Wednesday, January 19, 2011

Second-hand Smoke

Great amounts of media attention have been given to laws that ban smoking in public areas and the consistent warnings that second-hand tobacco smoke is especially harmful to children's health. Studies have consistently shown that environmental second-hand smoke is increasing the incidence of respiratory infection (such as bronchitis and pneumonia), middle ear diseases, and aggravation of asthma. However, a recent study found many parents still fail to limit children's exposure to tobacco smoke.

The study, published in Families, Systems and Health, involved more than 1,700 parents and guardians who were surveyed while waiting to meet with their child's pediatricians. Researchers from University of Missouri found that children are exposed to second-hand tobacco smoke in 40% of homes and in more than 50% of family cars. Additionally, less than half of the parents or guardians choose to sit in non-smoking sections of restaurants or trains when available. Likewise, less than half ask others not to smoke in the presence of their children.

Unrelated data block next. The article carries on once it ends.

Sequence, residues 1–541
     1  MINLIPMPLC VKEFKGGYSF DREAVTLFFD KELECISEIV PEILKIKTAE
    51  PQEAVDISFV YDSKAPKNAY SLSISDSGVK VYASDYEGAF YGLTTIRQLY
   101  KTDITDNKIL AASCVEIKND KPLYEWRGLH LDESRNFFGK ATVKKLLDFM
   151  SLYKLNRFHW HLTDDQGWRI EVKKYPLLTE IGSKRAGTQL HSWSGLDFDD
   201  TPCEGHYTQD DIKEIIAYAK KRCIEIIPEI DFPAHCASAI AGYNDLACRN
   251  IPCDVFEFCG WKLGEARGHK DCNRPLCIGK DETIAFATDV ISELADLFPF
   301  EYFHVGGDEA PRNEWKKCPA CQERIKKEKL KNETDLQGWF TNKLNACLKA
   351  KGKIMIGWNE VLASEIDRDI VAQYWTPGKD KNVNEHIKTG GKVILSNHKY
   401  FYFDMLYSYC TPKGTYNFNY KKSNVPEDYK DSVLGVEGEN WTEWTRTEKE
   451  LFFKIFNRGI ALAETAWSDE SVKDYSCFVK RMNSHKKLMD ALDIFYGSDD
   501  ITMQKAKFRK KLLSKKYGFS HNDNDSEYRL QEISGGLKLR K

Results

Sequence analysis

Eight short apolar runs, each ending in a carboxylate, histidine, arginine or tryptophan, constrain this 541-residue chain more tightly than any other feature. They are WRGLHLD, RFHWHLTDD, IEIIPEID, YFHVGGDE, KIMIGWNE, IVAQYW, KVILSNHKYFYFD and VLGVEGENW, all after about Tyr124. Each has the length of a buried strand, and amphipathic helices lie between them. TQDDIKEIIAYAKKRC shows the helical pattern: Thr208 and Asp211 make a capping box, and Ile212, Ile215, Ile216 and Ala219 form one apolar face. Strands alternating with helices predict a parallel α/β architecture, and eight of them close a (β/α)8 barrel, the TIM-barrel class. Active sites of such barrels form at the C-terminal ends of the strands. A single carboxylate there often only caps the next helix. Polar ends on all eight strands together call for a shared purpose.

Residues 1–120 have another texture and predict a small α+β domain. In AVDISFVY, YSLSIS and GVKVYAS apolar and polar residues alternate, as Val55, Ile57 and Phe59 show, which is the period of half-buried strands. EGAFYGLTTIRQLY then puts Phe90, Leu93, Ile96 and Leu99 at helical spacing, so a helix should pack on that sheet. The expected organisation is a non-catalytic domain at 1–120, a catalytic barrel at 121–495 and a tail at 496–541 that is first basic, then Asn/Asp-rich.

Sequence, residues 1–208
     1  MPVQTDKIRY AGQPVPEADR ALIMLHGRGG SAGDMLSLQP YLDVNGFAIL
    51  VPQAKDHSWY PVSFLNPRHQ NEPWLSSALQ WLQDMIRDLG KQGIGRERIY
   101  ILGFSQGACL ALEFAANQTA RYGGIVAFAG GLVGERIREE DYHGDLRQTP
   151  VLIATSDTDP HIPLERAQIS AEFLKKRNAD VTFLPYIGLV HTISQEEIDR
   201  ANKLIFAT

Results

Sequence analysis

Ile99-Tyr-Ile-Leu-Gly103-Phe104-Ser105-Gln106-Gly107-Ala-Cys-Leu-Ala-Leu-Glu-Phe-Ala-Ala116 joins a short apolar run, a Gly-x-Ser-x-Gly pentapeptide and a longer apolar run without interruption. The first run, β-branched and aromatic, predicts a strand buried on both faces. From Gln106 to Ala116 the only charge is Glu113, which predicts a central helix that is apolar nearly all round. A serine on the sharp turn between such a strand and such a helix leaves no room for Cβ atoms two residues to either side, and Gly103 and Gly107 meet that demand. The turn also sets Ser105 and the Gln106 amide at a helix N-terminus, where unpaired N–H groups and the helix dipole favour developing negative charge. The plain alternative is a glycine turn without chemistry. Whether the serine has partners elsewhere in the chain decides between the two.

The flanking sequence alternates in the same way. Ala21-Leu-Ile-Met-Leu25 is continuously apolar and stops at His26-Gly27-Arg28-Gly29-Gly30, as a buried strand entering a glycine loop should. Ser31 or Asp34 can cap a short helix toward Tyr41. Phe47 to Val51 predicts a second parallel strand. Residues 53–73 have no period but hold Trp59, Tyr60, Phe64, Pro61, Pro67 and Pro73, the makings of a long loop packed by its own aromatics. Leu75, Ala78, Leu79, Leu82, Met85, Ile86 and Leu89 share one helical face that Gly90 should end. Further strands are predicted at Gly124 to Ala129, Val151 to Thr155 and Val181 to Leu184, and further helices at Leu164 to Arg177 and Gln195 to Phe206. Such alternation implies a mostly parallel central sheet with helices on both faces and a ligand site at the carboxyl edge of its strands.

The research also concluded that, as expected, the higher the income and education, the more likely families were to have home smoking rules. Families with an annual household income of more than $41,000 were more likely to report having an entirely smoke-free home and to limit exposure outside the home

The researchers believe these results support the need for greater public health efforts to protect children from the effects of second-hand smoke.

No comments:

Post a Comment

Note: Only a member of this blog may post a comment.